A nursing home manager who secretly emptied a resident’s bank account has been struck off.
Pamela Eastwood, who was the manager at Swansea Terrace Nursing Home, in Watery Lane, Ashton, Preston, was struck off after she used the male resident’s bank card for online payments. The family of the unnamed man only discovered more than £5,000 was missing after he passed away and they couldn’t pay for his funeral.
Mrs Eastwood, of North Cliff Street, Preston, was given a police caution after admitting fraud by abuse of power.
No charges were brought forward by the family of the resident and it is understood she paid the money back in full.
The fraud was committed between July 2011 and February 2012. Mrs Eastwood resigned from the job in May 2012 following a probe by the home. Since then, the home has been taken over by a new company. At the time, the home was in administration and had been since 2009.
Mrs Eastwood’s case was brought before the The Nursing and Midwifery Council as a result of the police caution.
The hearing was told the resident had given written authority to the home to take money from his Post Office account to pay for cigarettes. When he died, concerns were raised over anomalies in a different bank account – namely internet transactions the man could not have carried out. The police were involved and confirmed that a number of online internet purchases had been made between February 2011 and 2012.
Mrs Eastwood told the police that she had come to a private arrangement with the man where she could use this account card for her own expenses and shopping to reimburse the cost of her own outlay to buy him cigarettes.
The Nursing and Midwifery Council heard she had confirmed she kept no record of any agreement with the resident about this arrangement, there were no witnesses to the agreement for her transactions, and there was no documentation to support her explanation.
Records had been made over the agreed use of the Post Office account but not the separate Santander account where the £5,016.91 had been spent.
In September 2012 at a police interview Mrs Eastwood stated that she was fully aware that her actions were wrong and unlawful and expressed remorse, the hearing heard.
She accepted a police caution for fraud by abuse of power between the dates of 24 July 2011 and 6 February 2012.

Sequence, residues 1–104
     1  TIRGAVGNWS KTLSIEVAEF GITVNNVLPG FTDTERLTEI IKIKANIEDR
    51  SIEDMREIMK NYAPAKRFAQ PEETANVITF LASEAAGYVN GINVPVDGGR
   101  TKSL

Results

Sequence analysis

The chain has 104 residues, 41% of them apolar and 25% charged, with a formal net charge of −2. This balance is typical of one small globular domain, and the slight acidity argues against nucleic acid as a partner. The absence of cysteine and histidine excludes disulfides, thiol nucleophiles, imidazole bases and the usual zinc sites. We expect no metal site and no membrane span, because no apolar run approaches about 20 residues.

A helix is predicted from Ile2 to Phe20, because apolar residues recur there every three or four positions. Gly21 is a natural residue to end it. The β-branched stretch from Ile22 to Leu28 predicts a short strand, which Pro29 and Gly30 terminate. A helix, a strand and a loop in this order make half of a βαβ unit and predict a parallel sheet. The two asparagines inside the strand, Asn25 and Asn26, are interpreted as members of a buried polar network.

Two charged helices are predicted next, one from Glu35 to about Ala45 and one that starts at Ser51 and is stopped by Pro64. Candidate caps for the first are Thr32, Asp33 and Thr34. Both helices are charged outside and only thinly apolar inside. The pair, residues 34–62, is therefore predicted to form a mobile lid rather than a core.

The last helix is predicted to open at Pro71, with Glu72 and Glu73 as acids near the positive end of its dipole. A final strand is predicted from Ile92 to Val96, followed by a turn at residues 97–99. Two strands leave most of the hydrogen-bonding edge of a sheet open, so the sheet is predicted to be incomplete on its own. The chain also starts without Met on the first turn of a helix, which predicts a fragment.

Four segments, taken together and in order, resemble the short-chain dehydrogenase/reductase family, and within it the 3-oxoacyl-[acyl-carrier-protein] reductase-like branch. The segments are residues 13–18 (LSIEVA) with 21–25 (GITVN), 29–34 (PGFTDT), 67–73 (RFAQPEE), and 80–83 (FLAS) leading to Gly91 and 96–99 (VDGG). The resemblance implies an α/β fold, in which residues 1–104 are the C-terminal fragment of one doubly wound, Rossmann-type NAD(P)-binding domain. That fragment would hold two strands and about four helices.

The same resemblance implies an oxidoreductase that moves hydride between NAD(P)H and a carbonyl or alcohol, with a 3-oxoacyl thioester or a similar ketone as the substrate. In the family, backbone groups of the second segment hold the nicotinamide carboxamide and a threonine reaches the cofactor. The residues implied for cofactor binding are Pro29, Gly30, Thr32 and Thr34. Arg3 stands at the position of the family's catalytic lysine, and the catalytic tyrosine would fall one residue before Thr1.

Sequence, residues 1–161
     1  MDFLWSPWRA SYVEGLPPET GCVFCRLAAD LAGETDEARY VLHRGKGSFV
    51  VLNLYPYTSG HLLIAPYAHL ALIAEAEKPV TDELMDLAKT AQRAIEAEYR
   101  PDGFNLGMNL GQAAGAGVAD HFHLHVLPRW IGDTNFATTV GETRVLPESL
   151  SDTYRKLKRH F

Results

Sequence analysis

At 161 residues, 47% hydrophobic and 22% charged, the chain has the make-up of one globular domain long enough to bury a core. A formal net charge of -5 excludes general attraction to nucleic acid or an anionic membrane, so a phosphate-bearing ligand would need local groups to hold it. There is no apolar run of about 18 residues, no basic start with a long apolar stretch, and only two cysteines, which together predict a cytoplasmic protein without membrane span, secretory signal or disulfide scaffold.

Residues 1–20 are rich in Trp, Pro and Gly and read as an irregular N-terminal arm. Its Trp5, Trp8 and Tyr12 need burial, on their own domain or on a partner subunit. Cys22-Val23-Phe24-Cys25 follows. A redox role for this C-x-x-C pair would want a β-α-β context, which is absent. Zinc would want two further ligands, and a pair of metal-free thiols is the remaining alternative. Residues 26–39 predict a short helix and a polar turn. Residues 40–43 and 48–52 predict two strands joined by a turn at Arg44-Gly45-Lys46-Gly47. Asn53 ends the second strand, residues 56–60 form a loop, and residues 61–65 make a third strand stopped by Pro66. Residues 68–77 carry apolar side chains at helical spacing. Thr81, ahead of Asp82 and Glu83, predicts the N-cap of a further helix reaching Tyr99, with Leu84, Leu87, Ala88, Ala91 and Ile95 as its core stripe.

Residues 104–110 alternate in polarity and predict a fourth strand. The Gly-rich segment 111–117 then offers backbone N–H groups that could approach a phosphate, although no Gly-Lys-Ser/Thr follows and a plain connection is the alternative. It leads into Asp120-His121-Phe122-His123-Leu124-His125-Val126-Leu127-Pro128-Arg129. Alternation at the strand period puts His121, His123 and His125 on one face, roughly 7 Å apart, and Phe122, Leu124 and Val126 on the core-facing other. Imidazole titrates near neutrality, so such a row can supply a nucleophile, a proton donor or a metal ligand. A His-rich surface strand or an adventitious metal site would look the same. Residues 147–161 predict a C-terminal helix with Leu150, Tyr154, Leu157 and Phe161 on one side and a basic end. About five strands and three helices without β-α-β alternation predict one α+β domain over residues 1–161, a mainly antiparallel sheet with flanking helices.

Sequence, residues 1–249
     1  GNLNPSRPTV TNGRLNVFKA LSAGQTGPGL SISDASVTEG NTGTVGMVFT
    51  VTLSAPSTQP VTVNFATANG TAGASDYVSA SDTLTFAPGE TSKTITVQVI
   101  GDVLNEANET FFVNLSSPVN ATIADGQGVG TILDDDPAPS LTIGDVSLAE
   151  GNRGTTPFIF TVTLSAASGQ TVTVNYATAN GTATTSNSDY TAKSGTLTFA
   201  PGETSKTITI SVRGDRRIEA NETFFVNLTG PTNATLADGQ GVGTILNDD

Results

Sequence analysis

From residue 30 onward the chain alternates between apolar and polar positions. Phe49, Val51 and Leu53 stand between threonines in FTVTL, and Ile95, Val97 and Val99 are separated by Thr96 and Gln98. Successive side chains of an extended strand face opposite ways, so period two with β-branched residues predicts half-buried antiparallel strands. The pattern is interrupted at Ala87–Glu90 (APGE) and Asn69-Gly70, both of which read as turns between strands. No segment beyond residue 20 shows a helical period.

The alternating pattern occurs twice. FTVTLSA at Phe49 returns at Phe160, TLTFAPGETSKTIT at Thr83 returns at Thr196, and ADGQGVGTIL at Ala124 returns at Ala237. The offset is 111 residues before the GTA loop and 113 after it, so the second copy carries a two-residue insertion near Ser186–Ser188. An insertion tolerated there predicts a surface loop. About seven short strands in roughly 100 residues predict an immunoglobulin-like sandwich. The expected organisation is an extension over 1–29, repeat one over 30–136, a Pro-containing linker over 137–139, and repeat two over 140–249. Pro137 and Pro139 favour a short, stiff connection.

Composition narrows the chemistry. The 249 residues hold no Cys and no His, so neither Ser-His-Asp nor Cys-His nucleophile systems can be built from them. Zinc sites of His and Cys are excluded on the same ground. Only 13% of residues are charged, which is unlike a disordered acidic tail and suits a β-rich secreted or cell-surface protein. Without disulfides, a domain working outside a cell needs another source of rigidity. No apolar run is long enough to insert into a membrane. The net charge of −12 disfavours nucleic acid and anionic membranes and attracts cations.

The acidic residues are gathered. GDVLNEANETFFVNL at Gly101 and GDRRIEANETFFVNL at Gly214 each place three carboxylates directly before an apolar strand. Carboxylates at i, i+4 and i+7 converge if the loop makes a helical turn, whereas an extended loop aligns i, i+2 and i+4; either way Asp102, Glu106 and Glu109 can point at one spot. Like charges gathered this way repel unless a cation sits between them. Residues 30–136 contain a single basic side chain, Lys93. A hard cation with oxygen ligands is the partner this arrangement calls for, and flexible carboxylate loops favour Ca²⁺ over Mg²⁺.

As a result of the caution the Nursing and Midwifery Council said Mrs Eastwood’s fitness to practise was impaired and called a Conduct and Competence Committee hearing.
A report from the hearing explained the reason for the striking off order: “In all the circumstances, the panel therefore concluded that a striking off order was the only sanction which was proportionate and sufficient to protect the wider public interest, and that public confidence in the profession and the NMC as a regulator can only be sustained if Mrs Eastwood was removed from the register.
“Mrs Eastwood’s name will be removed from the NMC register. She may not apply for restoration until five years after the date that this decision takes effect. Anyone who enquires about Mrs Eastwood’s registration will be advised of this.”
The Nursing and Midwifery Council hearing took place on September 27. Mrs Eastwood did not attend.
The council imposed an interim suspension order of 18 months, should Mrs Eastwood decide to appeal to outcome of the hearing. If after 28 days she does not, the striking off order will start.
Amin Dhanjee, director of Flight Care, the new owners of the home, said: “Swansea Terrace Nursing Home was sold by administrators in August 2012 to Flight Care. All this occurred when the home was in administration.”
The Evening Post visited Mrs Eastwood’s home but were told she did not wish to comment.